February 18, 2008 |
Still half out of it recovering from the flu, I caught a few blips crossing my Twitter stream about Jaiku being down. I yawned, assumed some server farm somewhere tanked, and haphazardly clicked a link to check it out.
Yep, Jaiku is down. Only, it's not. The site is up, which means something is working somewhere, but the reason is “two disks kicked the bucket.”
Occasionally I have to consult with people still doing web app development to see how far back in the dark ages my knowledge of best practices now resides, but “two disks kicked the bucket” seemed like a poor excuse for an outage. My consultation confirmed that things hadn't changed that much.
I've frequently railed about the problems with many of the Web 2.0 apps that are out there from a technical perspective, but Jaiku's outage is a glaringly obvious example. If you don't build an app to scale properly at the outset, you need to bag your code and do it the right way. This tendency to slap a Band-Aid® on each little problem and cobble something together isn't an approach that can work in perpetuity. At some point, your app has to just work, and keeping the “beta” tag on your logo isn't a free pass.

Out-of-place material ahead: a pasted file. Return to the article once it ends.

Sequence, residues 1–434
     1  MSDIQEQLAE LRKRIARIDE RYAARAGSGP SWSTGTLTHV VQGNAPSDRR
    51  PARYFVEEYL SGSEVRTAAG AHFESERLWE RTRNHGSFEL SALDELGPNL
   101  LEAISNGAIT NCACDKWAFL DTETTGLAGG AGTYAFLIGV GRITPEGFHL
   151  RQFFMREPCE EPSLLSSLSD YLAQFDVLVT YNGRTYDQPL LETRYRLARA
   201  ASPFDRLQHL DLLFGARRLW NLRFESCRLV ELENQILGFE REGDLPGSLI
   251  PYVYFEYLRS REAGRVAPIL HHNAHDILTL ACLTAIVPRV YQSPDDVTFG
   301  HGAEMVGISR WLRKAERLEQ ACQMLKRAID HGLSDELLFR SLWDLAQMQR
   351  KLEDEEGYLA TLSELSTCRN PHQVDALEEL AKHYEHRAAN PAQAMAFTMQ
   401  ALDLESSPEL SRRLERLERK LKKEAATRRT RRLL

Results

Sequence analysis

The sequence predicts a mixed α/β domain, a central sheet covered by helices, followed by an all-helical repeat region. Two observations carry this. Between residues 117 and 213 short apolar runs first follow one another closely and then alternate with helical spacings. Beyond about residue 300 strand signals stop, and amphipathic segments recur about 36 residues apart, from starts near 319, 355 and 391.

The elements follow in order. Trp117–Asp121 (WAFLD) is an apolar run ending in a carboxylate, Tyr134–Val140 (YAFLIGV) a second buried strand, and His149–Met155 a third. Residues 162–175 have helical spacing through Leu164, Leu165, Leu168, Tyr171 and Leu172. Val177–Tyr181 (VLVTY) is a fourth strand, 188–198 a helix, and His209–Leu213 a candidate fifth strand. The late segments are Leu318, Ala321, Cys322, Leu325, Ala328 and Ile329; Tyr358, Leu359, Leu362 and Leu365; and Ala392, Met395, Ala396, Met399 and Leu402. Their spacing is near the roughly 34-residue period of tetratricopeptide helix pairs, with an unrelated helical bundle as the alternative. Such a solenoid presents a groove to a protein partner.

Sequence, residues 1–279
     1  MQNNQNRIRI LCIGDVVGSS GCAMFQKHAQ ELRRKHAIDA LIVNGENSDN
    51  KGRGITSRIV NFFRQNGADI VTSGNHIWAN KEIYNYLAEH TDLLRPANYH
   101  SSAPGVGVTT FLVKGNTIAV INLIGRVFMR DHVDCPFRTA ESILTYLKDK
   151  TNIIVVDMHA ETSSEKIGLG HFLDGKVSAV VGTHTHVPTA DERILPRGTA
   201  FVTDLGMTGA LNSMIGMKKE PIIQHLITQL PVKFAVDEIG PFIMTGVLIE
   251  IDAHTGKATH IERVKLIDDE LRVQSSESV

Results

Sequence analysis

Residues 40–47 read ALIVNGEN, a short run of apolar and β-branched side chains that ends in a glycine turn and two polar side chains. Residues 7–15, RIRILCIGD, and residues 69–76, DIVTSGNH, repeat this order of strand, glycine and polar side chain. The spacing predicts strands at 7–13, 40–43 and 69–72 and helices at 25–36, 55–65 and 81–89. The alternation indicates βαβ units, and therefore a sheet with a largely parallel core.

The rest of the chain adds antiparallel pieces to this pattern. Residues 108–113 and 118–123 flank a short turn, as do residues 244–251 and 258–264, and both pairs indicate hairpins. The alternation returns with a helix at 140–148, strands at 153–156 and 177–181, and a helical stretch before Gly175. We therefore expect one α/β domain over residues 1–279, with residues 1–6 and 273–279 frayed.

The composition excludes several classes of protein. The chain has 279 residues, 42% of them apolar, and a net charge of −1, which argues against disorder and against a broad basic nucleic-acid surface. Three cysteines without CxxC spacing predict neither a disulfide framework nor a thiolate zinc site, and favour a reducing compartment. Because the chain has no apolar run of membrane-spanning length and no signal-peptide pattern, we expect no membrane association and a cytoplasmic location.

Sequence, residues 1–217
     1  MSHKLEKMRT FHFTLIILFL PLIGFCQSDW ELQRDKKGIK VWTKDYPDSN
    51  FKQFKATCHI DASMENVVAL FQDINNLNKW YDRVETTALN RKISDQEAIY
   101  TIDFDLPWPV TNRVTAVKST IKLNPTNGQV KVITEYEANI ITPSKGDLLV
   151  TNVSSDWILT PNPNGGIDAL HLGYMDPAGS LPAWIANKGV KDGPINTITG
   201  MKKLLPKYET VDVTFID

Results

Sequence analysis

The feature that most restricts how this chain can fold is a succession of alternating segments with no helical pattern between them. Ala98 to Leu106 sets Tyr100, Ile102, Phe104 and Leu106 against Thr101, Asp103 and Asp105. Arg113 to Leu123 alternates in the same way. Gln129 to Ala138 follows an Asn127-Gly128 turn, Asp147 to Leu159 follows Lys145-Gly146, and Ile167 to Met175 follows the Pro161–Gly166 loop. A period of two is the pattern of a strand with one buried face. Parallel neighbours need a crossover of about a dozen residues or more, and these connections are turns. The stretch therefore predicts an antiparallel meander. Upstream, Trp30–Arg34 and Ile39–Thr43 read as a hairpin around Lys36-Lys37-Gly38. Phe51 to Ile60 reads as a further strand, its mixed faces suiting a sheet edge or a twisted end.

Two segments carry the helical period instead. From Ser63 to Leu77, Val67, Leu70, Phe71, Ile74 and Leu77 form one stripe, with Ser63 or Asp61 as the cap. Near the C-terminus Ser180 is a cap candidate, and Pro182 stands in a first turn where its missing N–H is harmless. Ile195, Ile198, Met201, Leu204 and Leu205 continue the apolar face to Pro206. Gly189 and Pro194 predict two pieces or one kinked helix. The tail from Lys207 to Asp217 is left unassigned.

I'm sure there are those who will compare last week's Amazon S3 outage to this, but the two aren't even remotely similar. A data center outage is not only a rarity, but usually due to some unforeseen circumstance that is not only rectified, but is then followed up on to make sure that same circumstance won't occur again (like Amazon is doing with the issue of authenticated calls that brought S3 down). You can't consider hardware failures unforeseen; hard drives fail all the time. If you built your app to distribute the data held in memory across multiple servers, with, say, an archive process to an actual database, if one server fails, the site doesn't go down.
Why don't more folks developing apps start out thinking about what might take their app down? The little-guy shtick only goes so far; at some point, you still need to view yourself as a professional. An app that can't handle a drive failure screams amateur.